The night before last year’s US presidential election, on 7 November 2016, Bruce Springsteen performed at a rally for Hillary Clinton in downtown Philadelphia. He played three songs: ‘Thunder Road’, ‘Long Walk Home’, and ‘Dancing In The Dark’. But he broke-up his acoustic set by speaking, briefly, from what looks in the YouTube video like a teleprompter. “The choice tomorrow couldn’t be any clearer,” he said. “Hillary’s candidacy is based on intelligence, experience, preparation, and a vision of an America where everyone counts … This is a country where we will indeed be stronger together.”
I remember watching a live stream of that performance and feeling, for the first time since Clinton had secured the Democratic nomination in June, that the former Secretary of State might not actually win. You don’t have to credit Springsteen – as I do – with any kind of special prophetic insight into America’s national character to see that his muted enthusiasm for Clinton reflected a broader public unease. Polls showed that Clinton was the most unpopular presidential candidate in modern American history – except for Donald Trump. And, one way or the other, that grim dynamic cost her the race. In Philadelphia, Springsteen’s reluctant surrogacy for the Democratic nominee seemed, somehow, to foreshadow the result.
On a cold February morning two years ago, Gordon Brown held a press conference on the top floor of the Doubletree Hotel in Edinburgh. Framed by a bright, clear view of the capital’s skyline, with the castle fixed immutably in the distance, the former prime minister launched – once more – into the constitutional debate. Independence, he said, would mean breaking all ties to Britain. Scotland should lead the United Kingdom, not leave it. Only the Labour Party understands this country’s unique commitment to social justice.
And yet as Brown paced the stage, wagging his finger at reporters and thunderously regurgitating another stock defence of the devolutionary project, somewhere, on some primitive, subliminal level, he must have known that Scotland was no longer listening, and that in the very near future, regardless of what he said today or of how vigorously he said it, Labour would slip screaming into a broad, black Caledonian abyss.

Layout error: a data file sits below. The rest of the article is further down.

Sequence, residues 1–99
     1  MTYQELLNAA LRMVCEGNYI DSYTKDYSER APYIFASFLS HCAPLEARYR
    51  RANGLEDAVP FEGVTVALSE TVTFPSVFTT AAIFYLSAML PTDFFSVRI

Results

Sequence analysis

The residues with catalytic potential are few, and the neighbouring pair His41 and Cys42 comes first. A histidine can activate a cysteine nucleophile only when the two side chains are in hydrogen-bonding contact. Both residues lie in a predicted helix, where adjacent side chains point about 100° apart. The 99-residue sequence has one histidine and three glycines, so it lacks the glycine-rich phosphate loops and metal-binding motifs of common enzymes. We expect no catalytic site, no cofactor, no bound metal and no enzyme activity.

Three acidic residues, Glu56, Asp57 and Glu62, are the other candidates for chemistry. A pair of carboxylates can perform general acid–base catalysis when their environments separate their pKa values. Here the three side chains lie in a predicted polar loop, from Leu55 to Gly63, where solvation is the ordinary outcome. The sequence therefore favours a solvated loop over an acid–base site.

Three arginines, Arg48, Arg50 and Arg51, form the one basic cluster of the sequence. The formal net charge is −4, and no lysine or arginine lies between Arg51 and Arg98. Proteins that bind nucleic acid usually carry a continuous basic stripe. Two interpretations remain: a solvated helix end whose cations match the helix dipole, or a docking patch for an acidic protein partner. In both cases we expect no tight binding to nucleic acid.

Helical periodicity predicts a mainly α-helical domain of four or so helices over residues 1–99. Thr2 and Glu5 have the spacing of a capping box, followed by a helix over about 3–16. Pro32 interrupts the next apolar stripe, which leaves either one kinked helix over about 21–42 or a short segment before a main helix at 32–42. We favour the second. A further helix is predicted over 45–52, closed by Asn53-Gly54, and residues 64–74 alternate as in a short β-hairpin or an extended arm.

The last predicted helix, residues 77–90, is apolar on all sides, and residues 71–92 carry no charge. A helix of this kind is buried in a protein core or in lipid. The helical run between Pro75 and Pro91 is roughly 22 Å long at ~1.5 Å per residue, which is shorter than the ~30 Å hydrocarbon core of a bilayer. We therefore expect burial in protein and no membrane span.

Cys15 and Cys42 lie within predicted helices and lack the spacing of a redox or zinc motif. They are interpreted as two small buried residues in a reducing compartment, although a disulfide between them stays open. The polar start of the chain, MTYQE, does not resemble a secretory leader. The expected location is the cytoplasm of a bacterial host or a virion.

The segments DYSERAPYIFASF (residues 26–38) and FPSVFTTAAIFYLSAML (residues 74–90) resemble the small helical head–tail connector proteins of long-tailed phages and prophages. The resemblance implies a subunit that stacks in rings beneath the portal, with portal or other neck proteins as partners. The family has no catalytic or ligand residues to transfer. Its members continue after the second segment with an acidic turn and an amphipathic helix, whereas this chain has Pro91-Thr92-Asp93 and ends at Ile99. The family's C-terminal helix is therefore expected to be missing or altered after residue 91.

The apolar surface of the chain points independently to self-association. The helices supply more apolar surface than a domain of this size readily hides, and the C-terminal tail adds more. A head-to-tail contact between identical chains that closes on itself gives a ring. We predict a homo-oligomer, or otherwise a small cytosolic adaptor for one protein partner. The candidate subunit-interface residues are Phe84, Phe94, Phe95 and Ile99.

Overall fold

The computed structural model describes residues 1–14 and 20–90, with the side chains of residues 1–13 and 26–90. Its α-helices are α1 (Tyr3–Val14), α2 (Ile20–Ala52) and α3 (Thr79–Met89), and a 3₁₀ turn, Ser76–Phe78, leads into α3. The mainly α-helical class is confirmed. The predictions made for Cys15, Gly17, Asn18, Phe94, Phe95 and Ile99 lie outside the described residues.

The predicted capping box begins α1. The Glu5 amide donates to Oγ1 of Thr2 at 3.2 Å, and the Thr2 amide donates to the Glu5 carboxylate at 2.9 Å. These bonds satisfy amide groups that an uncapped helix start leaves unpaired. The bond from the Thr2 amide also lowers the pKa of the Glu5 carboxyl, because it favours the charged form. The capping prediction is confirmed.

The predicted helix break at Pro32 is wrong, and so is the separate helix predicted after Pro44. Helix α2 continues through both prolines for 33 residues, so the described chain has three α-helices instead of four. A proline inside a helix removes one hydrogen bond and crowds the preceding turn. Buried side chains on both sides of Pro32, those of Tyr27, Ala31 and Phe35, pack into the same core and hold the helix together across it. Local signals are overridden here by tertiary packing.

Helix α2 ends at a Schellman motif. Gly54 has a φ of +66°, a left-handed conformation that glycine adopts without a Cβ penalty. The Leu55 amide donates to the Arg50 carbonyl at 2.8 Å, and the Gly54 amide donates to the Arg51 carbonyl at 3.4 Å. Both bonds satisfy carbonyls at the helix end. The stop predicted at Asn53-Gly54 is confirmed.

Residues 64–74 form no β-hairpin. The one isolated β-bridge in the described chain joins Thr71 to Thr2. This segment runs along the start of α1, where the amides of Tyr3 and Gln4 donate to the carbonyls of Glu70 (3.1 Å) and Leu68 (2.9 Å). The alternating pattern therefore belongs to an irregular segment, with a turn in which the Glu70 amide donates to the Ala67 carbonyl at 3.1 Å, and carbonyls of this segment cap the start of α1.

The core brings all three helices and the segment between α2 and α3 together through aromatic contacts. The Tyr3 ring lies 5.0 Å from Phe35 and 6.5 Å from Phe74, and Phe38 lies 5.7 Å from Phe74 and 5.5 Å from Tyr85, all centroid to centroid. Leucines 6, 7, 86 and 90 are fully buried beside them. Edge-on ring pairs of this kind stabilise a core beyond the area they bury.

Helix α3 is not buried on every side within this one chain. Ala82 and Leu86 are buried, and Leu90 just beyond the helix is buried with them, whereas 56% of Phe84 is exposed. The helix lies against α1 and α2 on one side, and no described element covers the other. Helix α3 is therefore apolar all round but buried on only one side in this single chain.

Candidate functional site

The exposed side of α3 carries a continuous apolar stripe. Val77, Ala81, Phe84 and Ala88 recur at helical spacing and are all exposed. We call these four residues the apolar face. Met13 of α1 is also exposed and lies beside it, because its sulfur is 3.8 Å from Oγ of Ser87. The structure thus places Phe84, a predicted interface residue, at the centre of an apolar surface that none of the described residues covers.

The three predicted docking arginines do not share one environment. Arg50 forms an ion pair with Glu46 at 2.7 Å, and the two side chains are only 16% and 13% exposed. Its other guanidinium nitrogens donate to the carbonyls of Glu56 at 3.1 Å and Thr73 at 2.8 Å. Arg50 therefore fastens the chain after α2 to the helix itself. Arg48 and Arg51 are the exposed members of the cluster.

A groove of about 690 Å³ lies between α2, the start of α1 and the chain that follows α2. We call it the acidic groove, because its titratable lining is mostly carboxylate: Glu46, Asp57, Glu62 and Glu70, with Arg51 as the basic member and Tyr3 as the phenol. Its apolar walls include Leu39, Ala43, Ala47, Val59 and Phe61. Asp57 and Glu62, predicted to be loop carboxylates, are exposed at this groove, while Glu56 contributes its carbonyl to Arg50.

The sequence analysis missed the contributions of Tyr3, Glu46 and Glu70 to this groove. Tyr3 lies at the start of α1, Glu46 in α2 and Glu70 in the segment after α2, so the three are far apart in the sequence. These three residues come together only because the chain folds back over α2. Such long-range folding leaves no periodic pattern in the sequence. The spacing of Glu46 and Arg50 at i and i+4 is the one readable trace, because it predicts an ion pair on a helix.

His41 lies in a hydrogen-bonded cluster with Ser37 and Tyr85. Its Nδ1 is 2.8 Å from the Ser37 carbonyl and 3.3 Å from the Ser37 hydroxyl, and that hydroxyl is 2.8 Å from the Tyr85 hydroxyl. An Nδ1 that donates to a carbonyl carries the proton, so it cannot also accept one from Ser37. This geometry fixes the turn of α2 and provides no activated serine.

I was born in 1986, the year of Margaret Thatcher’s Big Bang deregulation of the British banking system, and I was 22 when the global financial crash hit in 2008. For most of my adult life, the UK economy has been in crisis. First recession, then austerity, and now stagnation, with the prospect of another serious, Brexit-induced downturn on the horizon. Economists anticipate a decade or more of lost growth; a semi-permanent, Japanese-style slump. Prepare yourself, they say, for disappointment. That job you wanted? Gone. That house you’ve been saving for? No chance. That mountain of debt you’re carrying? You can keep it. Forever. It’s yours – along with flatlining wages, part-time employment, and income-eviscerating rents.
I belong, in other words, to the so-called ‘millennial’ generation, a category that includes people between the ages of 18 and 34 – or, more broadly, people who reached adulthood after the turn of the millennium. Millennials are significant for two reasons: they are the first age group in recent history to experience a standard of living lower than that of their parents, and they are really, really leftwing.
No post-war US president, including John F. Kennedy, holds a tighter grip of America’s political imagination than Ronald Reagan. Republicans and Democrats agree that Reagan’s presidency was ‘transformative’. For Republicans, Reagan rescued the country from decline after the disaster of Vietnam and at a time of flagging economic growth. For Democrats, he stacked the deck against ordinary Americans by cutting taxes for the richest, deregulating the labour market and liberating Wall Street.
Driving this summer from the home of a friend in Madison, Wisconsin to Brooklyn, New York, I encountered first hand the diverse effects of Reaganism. Pittsburgh, for instance, is thriving. Built by and formerly dependent on the Pennsylvania steel industry, the city is now a regional hub for advanced medical research and investment banking. Detroit, Cleveland and Philadelphia, on the other hand, all bear the scars of Reagan’s supply-side reforms. Indeed, some neighbourhoods in south Philadelphia are semi-derelict, their streets lined with gutted factory buildings and abandoned housing blocks.